Hemoglobinopathies are caused by deficiencies and structural abnormalities of globin chains. At birth, 55 to 90% of the neonate’s hemoglobin (Hb) is composed of 2 alpha and 2 gamma globin chains (fetal hemoglobin or Hb F [alpha2gamma2]). After birth, gamma-chain production decreases (to < 2% by 2 to 4 years of age) and beta-chain production increases until adult hemoglobin (Hb A [alpha2beta2]) becomes predominant. Alpha-thalassemia is a genetically inherited disorder of depressed alpha globin chain production and is the most common hemoglobinopathy causing anemia in the neonatal period. Beta-thalassemia is an inherited decrease in beta-chain production. Because beta globin is naturally low at birth, beta-thalassemia and structural abnormalities of the beta globin chain (eg, Hb S [sickle cell disease], Hb C) are not clinically apparent at birth and symptoms do not appear until fetal hemoglobin levels have fallen to sufficiently low levels at 3 to 4 months of age.
Intrauterine infections by certain bacteria, viruses, fungi, and protozoa (most notably malaria) also may trigger hemolytic anemia. In malaria, the Plasmodium parasite invades and ultimately ruptures the RBC. Immune-mediated destruction of parasitized RBCs and excess removal of nonparasitized cells occur. Associated bone marrow dyserythropoiesis results in inadequate compensatory erythropoiesis. Intravascular hemolysis, extravascular phagocytosis, and dyserythropoiesis can lead to anemia.
Symptoms and signs of perinatal anemia are similar regardless of the cause but vary with severity and rate of onset of the anemia. Neonates are generally pale and, if anemia is severe, have tachypnea, tachycardia, and sometimes a flow murmur; hypotension is present with acute blood loss. Jaundice may be present with hemolysis.
History should focus on maternal factors (eg, bleeding diatheses, hereditary red blood cell [RBC] disorders, nutritional deficiencies, drugs), family history of hereditary disorders that may cause neonatal anemia (eg, alpha-thalassemia, enzyme deficiencies, red cell membrane disorders, RBC aplasias), and obstetric factors (eg, infections, vaginal bleeding, obstetric interventions, mode of delivery, blood loss, treatment and appearance of the cord, placental pathology, fetal distress, number of fetuses).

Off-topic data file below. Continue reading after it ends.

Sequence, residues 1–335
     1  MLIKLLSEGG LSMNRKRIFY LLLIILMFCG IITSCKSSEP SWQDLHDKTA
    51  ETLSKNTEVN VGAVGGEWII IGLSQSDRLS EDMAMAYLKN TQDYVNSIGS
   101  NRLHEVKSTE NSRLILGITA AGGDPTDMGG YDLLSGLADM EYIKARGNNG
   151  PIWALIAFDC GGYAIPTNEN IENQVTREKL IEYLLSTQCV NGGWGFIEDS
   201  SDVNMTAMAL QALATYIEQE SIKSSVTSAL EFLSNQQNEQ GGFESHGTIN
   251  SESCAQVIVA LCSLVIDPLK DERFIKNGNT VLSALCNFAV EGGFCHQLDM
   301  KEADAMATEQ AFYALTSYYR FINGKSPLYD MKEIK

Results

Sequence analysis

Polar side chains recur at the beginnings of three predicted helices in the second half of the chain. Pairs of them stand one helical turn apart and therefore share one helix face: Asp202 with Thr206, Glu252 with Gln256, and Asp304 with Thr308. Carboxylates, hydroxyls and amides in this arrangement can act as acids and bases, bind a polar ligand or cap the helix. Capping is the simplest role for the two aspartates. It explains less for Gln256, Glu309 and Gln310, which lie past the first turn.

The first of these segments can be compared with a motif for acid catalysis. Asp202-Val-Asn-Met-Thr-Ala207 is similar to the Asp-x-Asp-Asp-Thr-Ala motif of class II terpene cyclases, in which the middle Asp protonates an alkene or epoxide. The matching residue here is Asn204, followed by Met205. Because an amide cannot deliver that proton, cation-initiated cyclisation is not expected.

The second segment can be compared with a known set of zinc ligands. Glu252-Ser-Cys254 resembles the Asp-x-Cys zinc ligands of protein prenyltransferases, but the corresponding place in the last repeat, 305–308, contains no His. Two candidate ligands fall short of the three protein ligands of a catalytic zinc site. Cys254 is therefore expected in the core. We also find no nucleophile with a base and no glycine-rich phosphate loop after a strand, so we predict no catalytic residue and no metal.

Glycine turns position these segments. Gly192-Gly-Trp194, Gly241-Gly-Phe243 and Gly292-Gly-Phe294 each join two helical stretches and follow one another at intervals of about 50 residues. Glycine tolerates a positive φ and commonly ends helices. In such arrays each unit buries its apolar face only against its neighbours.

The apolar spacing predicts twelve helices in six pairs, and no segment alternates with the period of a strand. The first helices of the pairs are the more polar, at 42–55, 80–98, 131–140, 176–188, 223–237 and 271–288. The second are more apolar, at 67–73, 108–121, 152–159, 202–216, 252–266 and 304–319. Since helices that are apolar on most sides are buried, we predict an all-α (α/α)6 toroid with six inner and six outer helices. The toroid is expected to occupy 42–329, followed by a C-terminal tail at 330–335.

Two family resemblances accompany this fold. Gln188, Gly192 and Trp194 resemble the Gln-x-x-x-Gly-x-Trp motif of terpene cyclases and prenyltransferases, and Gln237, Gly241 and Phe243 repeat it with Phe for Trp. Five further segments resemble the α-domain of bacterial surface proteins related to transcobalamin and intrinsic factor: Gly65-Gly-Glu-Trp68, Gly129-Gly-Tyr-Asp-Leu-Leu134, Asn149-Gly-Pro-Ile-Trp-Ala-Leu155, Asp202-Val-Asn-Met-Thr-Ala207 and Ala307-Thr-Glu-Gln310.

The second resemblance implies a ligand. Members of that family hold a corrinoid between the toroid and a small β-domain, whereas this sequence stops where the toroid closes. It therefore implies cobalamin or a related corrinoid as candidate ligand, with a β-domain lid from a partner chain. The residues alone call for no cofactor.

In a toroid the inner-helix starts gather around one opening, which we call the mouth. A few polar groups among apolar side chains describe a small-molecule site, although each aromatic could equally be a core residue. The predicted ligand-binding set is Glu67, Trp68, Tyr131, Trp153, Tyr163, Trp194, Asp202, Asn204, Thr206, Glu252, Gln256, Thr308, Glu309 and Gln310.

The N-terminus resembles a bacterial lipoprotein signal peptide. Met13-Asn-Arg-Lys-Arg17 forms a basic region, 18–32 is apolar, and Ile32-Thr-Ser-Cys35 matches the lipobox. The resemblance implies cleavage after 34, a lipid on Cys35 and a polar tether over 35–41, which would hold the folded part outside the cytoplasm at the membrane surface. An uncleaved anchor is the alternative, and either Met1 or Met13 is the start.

Nonspecific maternal factors may provide additional clues. History of anemia in the parents should be sought. Splenectomy would indicate a possible history of hemolysis, red cell membrane disorder, or autoimmune anemia; cholecystectomy might indicate a history of hemolysis-induced gallstones. Important neonatal factors include gestational age at delivery, age at presentation, sex, race, and ethnicity.
Tachycardia and hypotension suggest acute, significant blood loss. Jaundice suggests hemolysis, either systemic (caused by Rh or ABO incompatibility or G6PD deficiency) or localized (caused by breakdown of sequestered blood in cephalhematomas). Hepatosplenomegaly suggests hemolysis, congenital infection, or heart failure. Hematomas, ecchymoses, or petechiae suggest bleeding diathesis. Congenital anomalies may suggest a bone marrow failure syndrome.
Anemia may be suspected prenatally if ultrasonography shows increased middle cerebral artery peak systolic velocity or hydrops fetalis, which, by definition, is abnormal, excessive fluid in ≥ 2 body compartments (eg, pleura, peritoneum, pericardium); cardiac, hepatic, and splenic enlargement may be present.
After birth, if anemia is suspected, hemoglobin and hematocrit levels are measured. If they are low, initial testing consists of